Math is going really well. We've spent the past couple of weeks on place value. I wasn't wild about the introduction of the concept in the Horizons workbook we're using, so I went back to Math-U-See. What a wonderful way to learn! Sometimes I wonder if I should have gone with that curriculum as I originally planned. At any rate, I'm grateful I can use it (thanks to a loan from a friend) to supplement the other things we're doing. S. keeps asking if we can do more place values: she loves the fun aspect of drawing the "tens house" and the "ones house" with markers on the white board, and then "building" numbers with the appropriate blocks (the ten blocks live in the tens house, the one unit blocks live in the ones house). Sometimes I write the number and she builds it; sometimes I build the number and then have her write it. We've talked enough about place value that she's recognized the next place (or "house") will belong to the hundreds, and she's begged to do the hundreds place next week. That puts us rather ahead of the Horizons workbook on this particular concept, but I think that's probably just fine...the place value stuff on the worksheets will likely just feel like review for a while.

I may post reader and reader resource ideas as I find them here...this journal is turning into a place where I can post some homeschooling notes from time to time. If you've got other beginning reader suggestions (either curricula, ideas, or just good easy reader titles) please pass them on!


Erin said...

Ooh, I loved it when we memorized poems for school. One time in fifth grade we had to read a poem of our choice in front of the class, and I insisted on reciting mine - "Bilbo's Last Song" - and wound up getting all goofed up because my friend kept making faces at me. That has always been my undoing, ever since I flubbed my big line in the Christmas pageant in second grade...

Beth said...

Aw. I still would have loved to see you reciting Bilbo's Last Song! I didn't usually need anyone making faces at me for me to flub it...I was too busy feeling nervous and nauseated (that and sweaty palms were almost a given for me whenever I had to stand up and say things in front of people)!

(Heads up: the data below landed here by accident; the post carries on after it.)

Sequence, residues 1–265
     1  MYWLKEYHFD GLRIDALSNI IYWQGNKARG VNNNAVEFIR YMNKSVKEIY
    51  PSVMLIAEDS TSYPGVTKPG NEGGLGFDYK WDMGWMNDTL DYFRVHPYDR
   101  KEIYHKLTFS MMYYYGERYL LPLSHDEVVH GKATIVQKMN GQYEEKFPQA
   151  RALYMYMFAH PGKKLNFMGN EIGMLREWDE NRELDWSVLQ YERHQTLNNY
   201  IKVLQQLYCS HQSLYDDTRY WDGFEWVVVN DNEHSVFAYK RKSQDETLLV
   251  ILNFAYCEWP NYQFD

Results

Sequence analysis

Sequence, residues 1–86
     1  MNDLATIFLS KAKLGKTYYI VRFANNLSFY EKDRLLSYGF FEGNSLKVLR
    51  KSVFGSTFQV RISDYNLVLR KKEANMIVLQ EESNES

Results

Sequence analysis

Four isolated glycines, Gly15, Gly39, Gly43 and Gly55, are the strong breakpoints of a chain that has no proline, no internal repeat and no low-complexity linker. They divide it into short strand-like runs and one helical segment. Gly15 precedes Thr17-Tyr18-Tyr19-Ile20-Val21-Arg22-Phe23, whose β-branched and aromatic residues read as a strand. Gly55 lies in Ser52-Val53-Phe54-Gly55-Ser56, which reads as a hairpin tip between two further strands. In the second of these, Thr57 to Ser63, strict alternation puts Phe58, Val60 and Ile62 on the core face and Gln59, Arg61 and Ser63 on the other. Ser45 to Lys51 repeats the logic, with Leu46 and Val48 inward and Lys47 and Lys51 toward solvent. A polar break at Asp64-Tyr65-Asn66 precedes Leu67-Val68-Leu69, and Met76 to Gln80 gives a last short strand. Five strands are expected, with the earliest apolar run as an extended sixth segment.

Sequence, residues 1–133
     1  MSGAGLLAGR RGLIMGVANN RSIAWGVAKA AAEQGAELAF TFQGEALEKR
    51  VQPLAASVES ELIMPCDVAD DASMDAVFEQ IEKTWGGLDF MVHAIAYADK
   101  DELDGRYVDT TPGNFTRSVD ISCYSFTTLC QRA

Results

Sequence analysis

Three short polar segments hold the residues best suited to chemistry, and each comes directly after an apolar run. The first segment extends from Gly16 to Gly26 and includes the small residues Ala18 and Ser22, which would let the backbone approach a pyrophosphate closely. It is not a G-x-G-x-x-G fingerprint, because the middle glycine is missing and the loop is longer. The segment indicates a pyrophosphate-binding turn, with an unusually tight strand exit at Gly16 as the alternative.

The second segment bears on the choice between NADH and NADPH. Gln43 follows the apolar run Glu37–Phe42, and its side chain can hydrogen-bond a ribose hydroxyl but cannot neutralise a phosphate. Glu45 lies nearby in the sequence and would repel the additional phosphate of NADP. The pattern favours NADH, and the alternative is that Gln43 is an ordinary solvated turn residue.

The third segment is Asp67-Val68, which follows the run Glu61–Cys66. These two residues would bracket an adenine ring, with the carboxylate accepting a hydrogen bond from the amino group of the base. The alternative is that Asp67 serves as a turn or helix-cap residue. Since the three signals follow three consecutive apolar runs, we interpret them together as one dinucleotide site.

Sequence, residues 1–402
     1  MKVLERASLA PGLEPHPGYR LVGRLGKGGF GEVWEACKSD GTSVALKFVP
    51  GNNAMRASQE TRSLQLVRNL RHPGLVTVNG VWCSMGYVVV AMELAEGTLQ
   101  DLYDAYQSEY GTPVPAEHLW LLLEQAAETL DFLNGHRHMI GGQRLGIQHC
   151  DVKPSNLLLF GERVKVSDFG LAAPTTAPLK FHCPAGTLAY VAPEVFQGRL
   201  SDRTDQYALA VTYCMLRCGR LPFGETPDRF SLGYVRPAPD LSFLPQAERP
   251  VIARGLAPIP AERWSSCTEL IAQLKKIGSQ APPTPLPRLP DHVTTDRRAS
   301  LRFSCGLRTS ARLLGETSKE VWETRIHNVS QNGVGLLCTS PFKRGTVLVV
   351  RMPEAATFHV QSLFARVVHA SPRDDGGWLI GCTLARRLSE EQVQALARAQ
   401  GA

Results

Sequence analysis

So...what was the big line in the Christmas pageant you flubbed?! ;-)

Erin said...

"Fear not, for behold, I bring you good tidings of great joy which shall be to all people. For unto you is born this day in the City of David a savior, which is Christ the Lord. And this shall be a sign unto you: You shall find the babe wrapped in swaddling clothes and lying in a manger." :D

I've got a puzzle with "Bilbo's Last Song" on it; one of these days I really want to frame it. Great poem... :)

Beth said...

Ah, now that's a big line! (The "Linus line!") And quite a lot for a second grader to memorize and be able to say in front of an audience.

Have you read Madeleine L'Engle's *24 Days Before Christmas*? Part of the story deals with seven year old Vicky Austin's nervousness about memorizing lines for a Christmas play...

I had to look "Bilbo's Last Song" up online. It occurred to me that I wasn't sure I remembered it from LOTR. Well, I guess that's because it wasn't in there! :-) What a gem of a poem! I don't think I'd ever read it before, so that was a treat to today.